Researchers at the University of North Carolina at Asheville's National Environmental Modeling and Analysis Center (NEMAC) looked for current solutions to tie belief network models to a GIS that would support the use of CRAFT but couldn't find anything that allowed for in-depth risk analysis or had a suitably generic process. It was critical that the process be general enough to apply to any spatial risk assessment from invasive species to wildfires to landslides. Consequently, NEMAC decided to write its own tool using the ArcGIS Desktop application ArcMap and incorporating Python scripts and Netica, a program for working with Baysian belief networks from Norsys Software Corp.

As a test case to develop the method, NEMAC investigated the risk that an invasive species known as Japanese stilt grass, or Microstegium vimineum (MIVI), would encroach on an area near Hot Springs in the Pisgah National Forest in North Carolina. Invasive species data was collected by Equinox Environmental (equinoxenvironmental.com), a consulting and design firm.

Figure 2
Figure 2: Location map for the study

Within the study area (see Figure 2), Equinox Environmental collected GPS survey paths and marked every MIVI occurrence as a point feature. The paths were locations where MIVI was known to be absent and the points were locations where MIVI was known to be present. With the proposed process, this information could then be used to assess the risk of MIVI occurring in the rest of the study area that had not been surveyed. Simply put, the absence of evidence was not evidence of absence.

First, a conceptual model (Figure 3) was created in consultation with scientists from EFETAC. [EFETAC, established by the U.S. Forest Service, uses an interdisciplinary approach in developing new technology and tools that anticipate and respond to threats to eastern forests.] While tracking the factors associated with the location of invasive species is incredibly complex, NEMAC simply sought to test a method for putting geographic information into a Bayesian statistical context and returning the results to geographic space. As a result, the location variables used were based on a trusted data source, The National Map Seamless Server, a data resource provided by the U.S. Geological Survey that is publicly available and easily accessed.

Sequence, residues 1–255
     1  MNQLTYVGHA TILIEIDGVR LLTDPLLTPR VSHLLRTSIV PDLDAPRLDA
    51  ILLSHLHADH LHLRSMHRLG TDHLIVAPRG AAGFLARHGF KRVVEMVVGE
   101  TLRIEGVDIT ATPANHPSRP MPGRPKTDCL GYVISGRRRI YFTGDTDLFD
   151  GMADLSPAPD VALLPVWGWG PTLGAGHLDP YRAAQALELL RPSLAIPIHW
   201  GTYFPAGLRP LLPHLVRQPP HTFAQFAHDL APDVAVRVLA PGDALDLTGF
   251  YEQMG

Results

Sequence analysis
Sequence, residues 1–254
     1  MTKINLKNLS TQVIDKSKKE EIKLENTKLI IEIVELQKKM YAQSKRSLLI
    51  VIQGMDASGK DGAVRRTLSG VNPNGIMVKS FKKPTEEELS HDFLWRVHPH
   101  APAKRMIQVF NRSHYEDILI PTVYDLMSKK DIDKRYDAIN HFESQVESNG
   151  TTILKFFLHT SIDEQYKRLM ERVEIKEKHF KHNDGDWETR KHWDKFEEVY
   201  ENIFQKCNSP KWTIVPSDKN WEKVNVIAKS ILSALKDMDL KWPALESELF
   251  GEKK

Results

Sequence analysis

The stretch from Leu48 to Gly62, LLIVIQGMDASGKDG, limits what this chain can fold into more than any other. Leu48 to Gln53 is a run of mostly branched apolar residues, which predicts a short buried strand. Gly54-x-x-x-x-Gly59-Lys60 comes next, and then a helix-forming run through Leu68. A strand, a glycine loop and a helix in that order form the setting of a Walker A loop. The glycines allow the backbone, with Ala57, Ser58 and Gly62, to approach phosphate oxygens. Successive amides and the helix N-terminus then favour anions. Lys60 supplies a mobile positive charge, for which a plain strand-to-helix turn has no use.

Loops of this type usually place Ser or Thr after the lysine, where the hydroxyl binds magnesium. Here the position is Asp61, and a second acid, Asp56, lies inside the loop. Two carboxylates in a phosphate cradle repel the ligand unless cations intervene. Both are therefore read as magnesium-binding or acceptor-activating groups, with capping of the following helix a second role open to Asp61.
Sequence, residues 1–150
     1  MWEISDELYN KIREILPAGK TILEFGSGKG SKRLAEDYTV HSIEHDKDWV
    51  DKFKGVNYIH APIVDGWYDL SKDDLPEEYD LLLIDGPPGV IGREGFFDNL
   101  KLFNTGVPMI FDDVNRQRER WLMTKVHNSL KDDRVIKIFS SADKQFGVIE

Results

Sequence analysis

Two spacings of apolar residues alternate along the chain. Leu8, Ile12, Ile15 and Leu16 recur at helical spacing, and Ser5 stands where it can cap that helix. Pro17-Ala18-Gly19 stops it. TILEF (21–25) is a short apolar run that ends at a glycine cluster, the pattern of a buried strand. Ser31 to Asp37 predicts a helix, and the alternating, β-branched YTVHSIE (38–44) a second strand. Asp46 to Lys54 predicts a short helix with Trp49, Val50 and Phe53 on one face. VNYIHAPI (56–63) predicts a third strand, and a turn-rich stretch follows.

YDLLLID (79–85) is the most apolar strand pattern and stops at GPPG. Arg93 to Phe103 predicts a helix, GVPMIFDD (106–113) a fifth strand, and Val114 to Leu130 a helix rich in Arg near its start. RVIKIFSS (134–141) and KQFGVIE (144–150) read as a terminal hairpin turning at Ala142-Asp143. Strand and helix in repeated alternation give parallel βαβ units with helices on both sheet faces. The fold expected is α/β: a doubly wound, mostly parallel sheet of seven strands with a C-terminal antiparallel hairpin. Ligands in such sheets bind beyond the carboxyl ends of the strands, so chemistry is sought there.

Figure 3
Figure 3: A basic conceptual model showing factors that lead to the occurrence of invasive species. The yellow boxes ask, What is the extent to which each of these factors contributes to suitable locations for invasive species?

The process for preparing data in ArcMap, exporting data to Netica, performing analysis in Netica, and importing the results back into ArcMap is summarized in the following five stages.

Stage 1: Location Data Preparation

  1. Obtain elevation, streamline, and canopy cover data from The National Map.
  2. Derive aspect from elevation.
  3. Create a multiple ring buffer around streams and convert the vector layer to raster.
  4. Prepare location data so all rasters have the same projection and resolution and that each raster cell snaps to the same grid.
  5. Reclassify all data to appropriate classes. Reclassification was an iterative process. (Initially, aspect data was classified equally based on the four cardinal directions. However, an EFETAC scientist pointed out that one class for north (27090) and three equal classes for southeast, south, and southwest, respectively, were more appropriate classifications.)
  6. Clip all data to study area boundaries.

Stage 2: Survey Data Preparation

  1. Convert vector survey data to raster with the same snap grid as the location data.